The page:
The Lull Before the Storm

Wildlife sightings during June

June was a busy month at Antares and at the Umgede hide. The camp had a few guests but there were several days when the camp was empty allowing us to get on with some interesting upgrades to the hide and waterhole without disrupting anyone in the process.

Animal-wise we were spoilt with our regular elephant sightings. There were only 3 days during the whole of June when we didn’t record a single elephant sighting. On 19 days we recorded at least 2 or more sightings of elephant at the waterhole.

We started to enjoy the return of larger herds of impala. Recently we have seen herds of over 30 animals come down to drink. We also enjoyed a few other antelope species such as bushbuck and kudu. The giraffes spent a few days in the area with up to 6 individuals visiting us on one day.

A couple of hyena sightings at night added some excitement but the best was saved for a middle-of-the-day sighting, a pride of 8 or 9 lions stopped off for a very quick drink before continuing their diurnal hunting foray.

Replanting a dead leadwood

Around the hide Ian managed to fulfil one of the projects he has been dreaming about for the past year. With the help of a TLB digger he managed to replant 3 dead trees on the far side of the waterhole and create some new perches for the birds and in so doing hopefully encourage them to come closer to the cameras. The elephants decided they didn’t approve of the first tree and decided to roll it around and in the process smashed off one of the branches. This resulted in two trees being replanted instead of one. The third tree was the biggest and required the strength of the TLB to not only dig a hole deep enough but also to drag the tree to its new home.

We hope that the elephants appreciate their new backdrop now and don’t try to push them over. Some animals seem to have given their approval so far.

We are really happy with how the appearance of the waterhole has improved and we are sure it will bring much joy to many photographers over the coming months and years.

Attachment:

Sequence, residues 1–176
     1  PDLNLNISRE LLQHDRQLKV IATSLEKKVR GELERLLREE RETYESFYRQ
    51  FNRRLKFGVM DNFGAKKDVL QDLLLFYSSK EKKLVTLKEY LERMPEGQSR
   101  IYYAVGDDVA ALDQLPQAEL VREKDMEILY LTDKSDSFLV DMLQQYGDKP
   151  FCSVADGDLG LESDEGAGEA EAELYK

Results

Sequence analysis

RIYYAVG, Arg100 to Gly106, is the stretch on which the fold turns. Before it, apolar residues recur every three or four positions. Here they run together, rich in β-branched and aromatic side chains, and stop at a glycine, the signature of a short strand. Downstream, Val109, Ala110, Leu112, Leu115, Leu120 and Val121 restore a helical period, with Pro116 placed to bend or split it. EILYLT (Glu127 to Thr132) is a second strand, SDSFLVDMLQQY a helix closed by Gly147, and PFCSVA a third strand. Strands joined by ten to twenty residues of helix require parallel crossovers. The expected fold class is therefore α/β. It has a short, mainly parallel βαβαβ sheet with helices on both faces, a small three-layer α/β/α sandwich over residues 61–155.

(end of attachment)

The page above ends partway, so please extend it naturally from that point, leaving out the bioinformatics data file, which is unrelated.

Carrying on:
Birdlife at the camp and hide

From a birding aspect the hide has been very active. Large numbers of Golden Breasted Buntings, firefinches, waxbills and various weavers are all flocking to the water to quench their thirst. The arrival of an immature Green-backed Heron has kept us entertained all month. Ian does not know a bird with a bigger appetite than this individual. He is very partial to the Tilapia fish and the Platanna frogs, and he is constantly on the hunt, day and night. The Lilac Breasted roller and Brown Hooded Kingfisher are having a turf war and are constantly chasing each other around. The Kingfisher also has not read the bird books as he is also becoming partial to the Tilapia fish, an unusual diet for a bird who is reportedly insectivorous with the odd frog included. The Green woodhoopoes are active all day long sourcing food for their growing family. This offers an opportunity for keen bird photographers to get some great photos of these beautiful birds as they hang off the lip of the entrance into the nest in the Marula tree between the pool and the hide.

Improvements Inside Umgede Hide

Inside the hide we have continued to make improvements. The old wooden shutters have been replaced with new modern and lightweight aluminium framed shutters. Gone are the days of people forgetting to hold on to the rope and the shutter falling forward with a big bang. Now the lightweight shutters open inwards and upwards and are secured to the ceiling trusses with a chain. They have also now created an extra 5 cm of height in the shutter opening which makes a huge difference, especially when looking up into the large leadwood tree to find the kingfishers and other birds. It also means the cameras are slightly lower and closer to the water level, fantastic especially for the shorter guests. It also helps to get a better elevation for those star shots on these clear winter nights.

The coming months are going to be busy with guests and there will hardly be time to do any other work before the middle of October, so we are glad we were able to get all these improvements done when we did. The temperatures are certainly dropping at night now, so for guests planning their trips in July-September make sure you throw in that warm jacket and long trousers.

Be sure to follow us on Facebook and Instagram @Antaresbushcamp to keep up to date with daily posts and reels from camera sightings.